Whether you are looking for a new position in tech or not, it’s essential to consistently build your network. I’m talking about building your network before you need it and regularly staying in contact with the connections you make.
Branching out and networking may feel nerve-wracking, especially if you’re an introvert like me. And it’s true – real growth can be uncomfortable. And it’s most likely going to involve stepping out of your comfort zone. But you can absolutely do it!
Now, if you’re already in a good position in your field, you may be thinking – what’s the point? I like where I am – why should I still build my network and make connections?
Branch Out and Stay Connected
Throughout my career, I’ve made sure to stay connected and branch out continuously. I am always staying in touch with my contacts and keeping up-to-date with the market.
Working this way keeps you open to unique opportunities that you find organically. It also gives you a solid foundation to fall back on when things out of your control happen. You never know what life will throw at you, and one of the keys to achieving long-term success in tech is to always be prepared.
Networking was not easy for me in the beginning. As an introvert, I’m naturally shy, and going home and sitting on the couch sounds much more appealing than going to a breakfast, meet-up, or a day-long conference. In fact, some days, I really didn’t want to show up at all. So I decided to make a deal with myself, and it became one of the most important deals I’ve made in my career.
I decided to make networking micro-commitments. These are the three small commitments that I make with myself before an event – and I want to share them so you can do the same.
1. I will show up.
2. I will meet three people, and then I can high-tail it out of there. 3. I will show up just one more time.
Because of these micro-commitments, I not only have a strong network within my company and a strong network in my hometown of Dallas, but I have a strong global network. Building that big of a network took time, dedication, and consistency. And the more I did it, the more networking became second nature! I meet people everywhere – at the grocery store, on an airplane, you name it. I am constantly meeting new and interesting people. Some of the best connections you will make will happen when you least expect it.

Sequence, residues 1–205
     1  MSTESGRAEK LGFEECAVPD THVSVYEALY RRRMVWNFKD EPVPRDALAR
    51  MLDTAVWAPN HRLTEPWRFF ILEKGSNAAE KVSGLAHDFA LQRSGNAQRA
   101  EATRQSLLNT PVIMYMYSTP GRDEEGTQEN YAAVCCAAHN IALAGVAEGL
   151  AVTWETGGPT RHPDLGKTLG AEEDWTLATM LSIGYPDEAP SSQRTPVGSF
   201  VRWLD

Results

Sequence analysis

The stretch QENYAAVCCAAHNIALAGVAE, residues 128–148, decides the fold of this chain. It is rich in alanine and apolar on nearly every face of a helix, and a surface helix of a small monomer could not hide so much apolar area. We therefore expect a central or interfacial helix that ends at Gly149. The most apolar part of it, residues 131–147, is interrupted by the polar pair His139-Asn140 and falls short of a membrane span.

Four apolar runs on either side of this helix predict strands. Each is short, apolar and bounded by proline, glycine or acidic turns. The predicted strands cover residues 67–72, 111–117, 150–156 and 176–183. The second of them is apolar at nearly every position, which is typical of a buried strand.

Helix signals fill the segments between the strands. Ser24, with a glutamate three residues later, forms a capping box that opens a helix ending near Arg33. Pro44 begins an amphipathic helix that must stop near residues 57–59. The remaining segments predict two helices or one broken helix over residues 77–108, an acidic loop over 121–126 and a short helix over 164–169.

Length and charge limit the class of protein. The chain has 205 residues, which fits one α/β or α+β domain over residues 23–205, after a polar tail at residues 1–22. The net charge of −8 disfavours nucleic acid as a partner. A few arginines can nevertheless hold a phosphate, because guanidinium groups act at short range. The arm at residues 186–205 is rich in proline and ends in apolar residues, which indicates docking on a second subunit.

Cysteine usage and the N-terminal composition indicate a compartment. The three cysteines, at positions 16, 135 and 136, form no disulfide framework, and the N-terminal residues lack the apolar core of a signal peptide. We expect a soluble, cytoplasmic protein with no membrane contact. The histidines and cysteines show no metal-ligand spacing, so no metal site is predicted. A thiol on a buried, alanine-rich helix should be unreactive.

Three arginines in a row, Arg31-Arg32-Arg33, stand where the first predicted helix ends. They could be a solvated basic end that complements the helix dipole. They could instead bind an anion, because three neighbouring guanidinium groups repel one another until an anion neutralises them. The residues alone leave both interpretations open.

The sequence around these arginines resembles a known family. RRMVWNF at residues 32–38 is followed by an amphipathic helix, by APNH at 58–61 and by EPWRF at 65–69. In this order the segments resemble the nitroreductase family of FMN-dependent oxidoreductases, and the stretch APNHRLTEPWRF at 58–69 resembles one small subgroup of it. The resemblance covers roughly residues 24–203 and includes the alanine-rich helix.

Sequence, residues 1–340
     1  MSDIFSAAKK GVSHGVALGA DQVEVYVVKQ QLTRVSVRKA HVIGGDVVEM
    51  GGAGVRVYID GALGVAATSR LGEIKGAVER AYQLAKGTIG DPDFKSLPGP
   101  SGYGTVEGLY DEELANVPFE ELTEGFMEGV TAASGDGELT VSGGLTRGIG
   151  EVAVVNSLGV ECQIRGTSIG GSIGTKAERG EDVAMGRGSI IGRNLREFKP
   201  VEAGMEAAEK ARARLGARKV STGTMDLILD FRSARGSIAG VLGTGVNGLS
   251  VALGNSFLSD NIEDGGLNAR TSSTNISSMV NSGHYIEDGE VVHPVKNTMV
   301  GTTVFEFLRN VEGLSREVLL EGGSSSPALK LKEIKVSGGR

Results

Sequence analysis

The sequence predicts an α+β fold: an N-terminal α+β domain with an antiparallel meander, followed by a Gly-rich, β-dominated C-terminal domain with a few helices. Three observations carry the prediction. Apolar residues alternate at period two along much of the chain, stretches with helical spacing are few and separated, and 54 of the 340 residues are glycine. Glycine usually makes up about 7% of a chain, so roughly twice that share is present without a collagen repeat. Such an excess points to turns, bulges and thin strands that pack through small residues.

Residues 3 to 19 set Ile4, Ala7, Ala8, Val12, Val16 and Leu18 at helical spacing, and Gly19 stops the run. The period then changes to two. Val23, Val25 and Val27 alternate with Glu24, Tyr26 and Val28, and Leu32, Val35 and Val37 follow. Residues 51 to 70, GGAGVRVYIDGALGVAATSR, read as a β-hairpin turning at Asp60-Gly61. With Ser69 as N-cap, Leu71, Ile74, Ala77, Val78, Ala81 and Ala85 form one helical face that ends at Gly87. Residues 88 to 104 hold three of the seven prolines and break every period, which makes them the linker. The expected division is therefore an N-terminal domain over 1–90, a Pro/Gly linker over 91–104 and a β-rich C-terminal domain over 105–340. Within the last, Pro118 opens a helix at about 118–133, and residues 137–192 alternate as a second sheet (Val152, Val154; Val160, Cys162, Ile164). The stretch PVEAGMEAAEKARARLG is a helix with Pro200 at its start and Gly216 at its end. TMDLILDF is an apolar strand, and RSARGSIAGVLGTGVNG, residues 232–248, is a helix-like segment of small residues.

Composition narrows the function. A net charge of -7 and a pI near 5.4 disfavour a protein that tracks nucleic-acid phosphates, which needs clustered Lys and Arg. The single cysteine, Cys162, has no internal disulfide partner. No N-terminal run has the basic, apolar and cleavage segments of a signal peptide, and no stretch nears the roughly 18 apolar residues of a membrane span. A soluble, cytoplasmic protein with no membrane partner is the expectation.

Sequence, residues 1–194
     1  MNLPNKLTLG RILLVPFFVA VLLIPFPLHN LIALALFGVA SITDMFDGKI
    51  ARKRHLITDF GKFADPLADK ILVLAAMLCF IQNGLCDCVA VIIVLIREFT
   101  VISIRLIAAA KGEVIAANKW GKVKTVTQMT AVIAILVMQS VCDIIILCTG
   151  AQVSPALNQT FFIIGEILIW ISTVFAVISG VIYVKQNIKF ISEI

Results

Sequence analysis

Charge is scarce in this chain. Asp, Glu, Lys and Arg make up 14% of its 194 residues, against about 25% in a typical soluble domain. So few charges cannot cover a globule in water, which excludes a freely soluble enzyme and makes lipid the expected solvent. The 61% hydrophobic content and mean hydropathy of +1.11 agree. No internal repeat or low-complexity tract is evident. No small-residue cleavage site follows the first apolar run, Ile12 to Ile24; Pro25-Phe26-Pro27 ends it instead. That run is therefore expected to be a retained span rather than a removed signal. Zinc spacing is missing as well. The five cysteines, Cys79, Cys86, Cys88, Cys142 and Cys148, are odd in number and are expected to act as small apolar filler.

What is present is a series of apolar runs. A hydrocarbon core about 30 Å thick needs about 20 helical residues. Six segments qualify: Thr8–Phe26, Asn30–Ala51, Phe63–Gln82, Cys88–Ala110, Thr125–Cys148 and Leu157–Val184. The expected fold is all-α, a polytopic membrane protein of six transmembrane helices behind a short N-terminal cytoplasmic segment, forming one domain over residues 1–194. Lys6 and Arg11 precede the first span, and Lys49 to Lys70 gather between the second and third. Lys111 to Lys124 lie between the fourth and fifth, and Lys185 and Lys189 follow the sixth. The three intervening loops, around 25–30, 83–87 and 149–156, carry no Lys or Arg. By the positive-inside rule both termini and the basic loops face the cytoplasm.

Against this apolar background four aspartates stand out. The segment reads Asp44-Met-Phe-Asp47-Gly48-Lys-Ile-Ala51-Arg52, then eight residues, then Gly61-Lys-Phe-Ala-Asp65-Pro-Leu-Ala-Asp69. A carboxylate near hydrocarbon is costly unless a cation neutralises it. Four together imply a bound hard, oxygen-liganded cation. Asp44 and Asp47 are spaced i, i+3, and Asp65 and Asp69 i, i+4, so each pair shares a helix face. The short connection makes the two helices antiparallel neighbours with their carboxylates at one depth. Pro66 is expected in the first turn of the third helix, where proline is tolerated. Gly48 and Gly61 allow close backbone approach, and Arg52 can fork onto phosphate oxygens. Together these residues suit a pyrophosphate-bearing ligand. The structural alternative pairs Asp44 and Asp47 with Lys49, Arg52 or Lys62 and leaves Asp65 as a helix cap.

Talk to Recruiters
For example, when you’re at an event or conference, branch out beyond other techies. I’m talking about making it a point to connect with recruiters, sales, marketing, hiring managers, and business folks because these are the people who know companies and who have the connections.
Like many women in tech, you may tend to avoid recruiters. But this is actually a huge mistake. Some of my best contacts are recruiters! Besides their vast knowledge of the key leaders in the industry, they frequently move companies. So, for instance, if you meet a recruiter who is not in a company that is of interest to you now, they may be in the future. They also will be more than happy to talk to you – they are professional networkers!
And guess what? The same goes for people in sales and marketing – they are some of my best connections. Find someone in sales and marketing at an event because they are more likely extremely extroverted and will actually enjoy making a connection!
Prioritize Your Time & Leverage Your Network
Now, if there’s one thing we all need more of – it’s time. There simply aren’t enough hours in the day. And yet here I am telling you that consistently networking is key to building a well-rounded career. When I tell women in tech they need to ensure that creating and maintaining connections is front and center of their daily work life – I watch their faces drop. How can anyone manage to do this while maintaining all of life’s other commitments? Well, this is where leveraging your network comes into play.
As my network grew, I made sure that it worked for me. Keep in mind that a good network should make your life easier, not harder.
At first, the more my network grew, the more people were leaning on me and calling with questions. However, on the flip side, when I needed help with a technology I wasn’t familiar with or was curious about what skills were becoming valuable in my industry, I picked up the phone and found the right people in my network who could help. Instead of spending ten hours researching something, I call an expert in my network and say, “Hey, help me with this.”
Having a strong network also shortens the time looking for your next role and brings in more opportunities. It gives you a foot in the door, and activating it has a return on investment when time is money in finding that next role.
I put the power of networking to work for myself so that I actually wind up accomplishing more in less time.
Remember that having a strong network should work to your advantage. A great way to start? Check out the DevelopHer Membership. I created this for hardworking women in tech to help build confidence, value, and a community where we uplift and support one another in our pursuits. Be sure to take a look here. What are you waiting for?